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When a group of citizens and a political party come together to open streets to people

Last Saturday, the Lisboa Possível collective and the Volt party closed two streets in the parish of Misericórdia to cars and opened them to people, in an event that was supported by local restaurants. "Traders told us that this idea that they need cars to pass by to make more money is wrong. During Covid,...

Ksenia Ashrafullina is an activist with the Lisboa Possível collective (photo LPP)

Ksenia Ashrafullina, activist of the collective Lisbon PossibleI wanted to show that a "superblock" (or "super-neighborhood", as you prefer to call it) is a "superblock". possible in Lisbon. And I also wanted to show that it is possible close streets to cars and open them to commerce and people. But it was not possible to make these proposals a reality on her own. That's why she joined Volt, a political party that, despite having no representation in Lisbon's local bodies, wanted to take to the streets to campaign and show that it is possible another Lisbon.

Last Saturday, July 8, Rua and Travessa dos Mastros, in the parish of Misericórdia, in Lisbon, have been without cars and with many people inside. The event, organized between Lisboa Possível and the Volt Portugal, sought to give the street back to people and also to commerce. Restaurants and bars were able to set up tables outside, boosting their business; and many people were able to take advantage not only of these terraces, but also of the activities that were organized throughout the day on those two streets. There was a talk on "how to change the system" and improve our relationship with the planet, an "activist fado" workshop, poetry declarations, a performance by a Ukrainian folklore group, an Asian book market, and other activities. All activities ended before 22:30 so that residents could rest, and there was a concern not to leave litter on the street or use disposable objects.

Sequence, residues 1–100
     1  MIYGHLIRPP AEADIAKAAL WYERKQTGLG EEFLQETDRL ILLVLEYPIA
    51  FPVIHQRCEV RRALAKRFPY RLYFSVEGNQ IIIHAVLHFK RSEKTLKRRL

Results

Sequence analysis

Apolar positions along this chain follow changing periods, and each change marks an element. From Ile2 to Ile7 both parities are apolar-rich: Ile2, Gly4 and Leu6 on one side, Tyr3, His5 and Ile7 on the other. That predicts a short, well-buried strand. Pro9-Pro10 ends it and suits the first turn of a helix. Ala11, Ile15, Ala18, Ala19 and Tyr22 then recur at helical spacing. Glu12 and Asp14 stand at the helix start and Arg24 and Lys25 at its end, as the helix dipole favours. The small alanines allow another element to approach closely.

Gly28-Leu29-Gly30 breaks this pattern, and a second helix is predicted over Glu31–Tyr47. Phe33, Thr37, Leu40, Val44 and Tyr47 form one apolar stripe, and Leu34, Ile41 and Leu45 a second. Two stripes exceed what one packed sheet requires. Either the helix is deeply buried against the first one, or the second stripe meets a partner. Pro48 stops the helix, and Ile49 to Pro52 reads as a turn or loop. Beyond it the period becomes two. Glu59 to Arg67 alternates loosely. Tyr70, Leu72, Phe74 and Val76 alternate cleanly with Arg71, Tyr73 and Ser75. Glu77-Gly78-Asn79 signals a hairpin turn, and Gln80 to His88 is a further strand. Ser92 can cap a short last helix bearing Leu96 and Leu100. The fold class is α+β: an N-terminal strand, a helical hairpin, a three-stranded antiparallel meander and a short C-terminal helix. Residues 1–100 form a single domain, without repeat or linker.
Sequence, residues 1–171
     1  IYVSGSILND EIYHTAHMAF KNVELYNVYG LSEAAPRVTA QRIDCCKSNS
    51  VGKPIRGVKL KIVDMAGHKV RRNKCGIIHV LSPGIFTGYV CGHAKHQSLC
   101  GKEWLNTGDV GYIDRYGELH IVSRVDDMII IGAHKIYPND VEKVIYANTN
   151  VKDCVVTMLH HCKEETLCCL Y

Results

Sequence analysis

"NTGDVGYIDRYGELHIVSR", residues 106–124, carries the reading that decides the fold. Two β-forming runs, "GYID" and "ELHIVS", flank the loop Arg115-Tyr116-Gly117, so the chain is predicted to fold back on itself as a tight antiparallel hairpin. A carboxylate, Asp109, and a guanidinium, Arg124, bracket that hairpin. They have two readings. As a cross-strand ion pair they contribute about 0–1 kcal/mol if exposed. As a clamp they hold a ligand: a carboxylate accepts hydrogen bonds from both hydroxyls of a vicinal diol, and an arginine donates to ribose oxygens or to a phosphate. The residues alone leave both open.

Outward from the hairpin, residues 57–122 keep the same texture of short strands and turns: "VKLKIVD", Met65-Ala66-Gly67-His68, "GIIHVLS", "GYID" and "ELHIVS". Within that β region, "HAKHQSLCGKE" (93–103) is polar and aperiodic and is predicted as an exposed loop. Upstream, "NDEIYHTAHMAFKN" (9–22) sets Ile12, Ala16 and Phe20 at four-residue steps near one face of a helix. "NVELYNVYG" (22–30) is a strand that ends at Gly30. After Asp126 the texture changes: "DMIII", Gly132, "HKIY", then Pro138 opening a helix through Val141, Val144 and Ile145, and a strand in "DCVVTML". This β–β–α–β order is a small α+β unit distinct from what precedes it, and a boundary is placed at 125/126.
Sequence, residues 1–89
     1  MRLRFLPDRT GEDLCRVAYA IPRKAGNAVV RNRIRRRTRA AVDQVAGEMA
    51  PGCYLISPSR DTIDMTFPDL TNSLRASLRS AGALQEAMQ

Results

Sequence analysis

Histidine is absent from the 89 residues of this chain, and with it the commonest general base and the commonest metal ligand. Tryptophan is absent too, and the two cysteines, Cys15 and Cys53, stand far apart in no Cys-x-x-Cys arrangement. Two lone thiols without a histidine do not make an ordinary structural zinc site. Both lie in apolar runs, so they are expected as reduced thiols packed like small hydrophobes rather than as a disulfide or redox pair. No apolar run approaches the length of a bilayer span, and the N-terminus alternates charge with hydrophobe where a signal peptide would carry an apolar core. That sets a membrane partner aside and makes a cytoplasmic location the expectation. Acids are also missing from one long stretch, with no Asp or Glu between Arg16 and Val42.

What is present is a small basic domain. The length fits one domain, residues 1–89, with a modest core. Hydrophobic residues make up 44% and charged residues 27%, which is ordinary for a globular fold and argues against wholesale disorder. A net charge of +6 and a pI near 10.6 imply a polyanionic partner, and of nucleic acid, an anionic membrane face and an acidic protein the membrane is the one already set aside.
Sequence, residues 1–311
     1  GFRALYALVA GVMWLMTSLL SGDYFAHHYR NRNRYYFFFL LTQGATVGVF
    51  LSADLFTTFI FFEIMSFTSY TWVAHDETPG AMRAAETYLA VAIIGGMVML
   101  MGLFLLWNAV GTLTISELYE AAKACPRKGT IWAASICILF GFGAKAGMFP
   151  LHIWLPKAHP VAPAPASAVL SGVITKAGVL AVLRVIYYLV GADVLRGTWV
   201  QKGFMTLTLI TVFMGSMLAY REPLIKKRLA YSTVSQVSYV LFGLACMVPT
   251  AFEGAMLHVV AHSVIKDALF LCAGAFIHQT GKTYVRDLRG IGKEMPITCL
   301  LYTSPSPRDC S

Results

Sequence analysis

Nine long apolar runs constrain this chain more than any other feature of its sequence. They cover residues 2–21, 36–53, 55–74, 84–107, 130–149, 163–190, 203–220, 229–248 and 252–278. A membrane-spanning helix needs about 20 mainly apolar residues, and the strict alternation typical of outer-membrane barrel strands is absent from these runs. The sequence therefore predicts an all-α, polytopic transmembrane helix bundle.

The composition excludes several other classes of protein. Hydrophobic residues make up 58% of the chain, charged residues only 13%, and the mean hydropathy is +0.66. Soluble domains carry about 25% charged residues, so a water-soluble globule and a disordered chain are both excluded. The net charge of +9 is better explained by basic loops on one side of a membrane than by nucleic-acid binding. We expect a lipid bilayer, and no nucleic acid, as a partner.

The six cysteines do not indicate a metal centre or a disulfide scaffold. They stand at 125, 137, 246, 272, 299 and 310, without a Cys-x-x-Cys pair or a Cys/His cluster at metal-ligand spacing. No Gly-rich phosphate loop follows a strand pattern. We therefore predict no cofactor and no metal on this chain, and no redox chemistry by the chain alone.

"With People Inside" (via Lisboa Possível/Volt)

"We are a new party on the Portuguese political scene and we want to do politics in a different way, and it can be this way, celebrating public space and showing that the street can have other uses, and not just serve for cars to pass", explains Duarte Costa, head of Volt. "Under Portuguese law, parties have complete freedom to do political work in the streets, and that's good, it's an April achievement that serves all parties. And we used this legal device to be able to give people this opportunity to be on the street, to talk, to have this street for them." This is not the first time Volt and Lisboa Possível have worked together, but for Ksenia the collective's party independence remains guaranteed: "We work with anyone who wants to work with us."

Travessa dos Mastros, together with Rua dos Mastros and Rua da Silva, starts from Rua dos Poços dos Negros; Travessa dos Mastros makes an "L" shape and intersects with Rua dos Mastros and Rua da Silva, which are parallel and both end at Largo do Conde Barão, in Santos, in the parish of Misericórdia. "We have two equal streets here, but one is dead and the other alive"jokes Ksenia. "I live here in the parish of Misericórdia and I regularly cross this block. What do I do? I always go through Rua da Silva because I feel good there, I feel safer, without fear of being run over or having to lean against the building for the car to pass. I never go down Rua dos Mastros."

The three streets have a similar profile: they are narrow streets, with small sidewalks and surrounded by low-rise buildings. During the Covid-19 pandemic, they were without cars, allowing restaurants to take advantage of the outdoor space at a time when social distancing was necessary and there were impositions on the level of capacity in closed spaces. After this exceptional situation, Rua da Silva was the only one to remain without car traffic; in fact, this street, which has since become known as "Green Street Lisbon" and as a street full of plants, has become a small tourist attraction in the city and has many people walking or using the restaurant terraces. Besides Rua da Silva, Rua do Merca-Tudo and Travessa dos Pescadores are also pedestrianized.

Map of the area where the initiative took place (LPP infographic)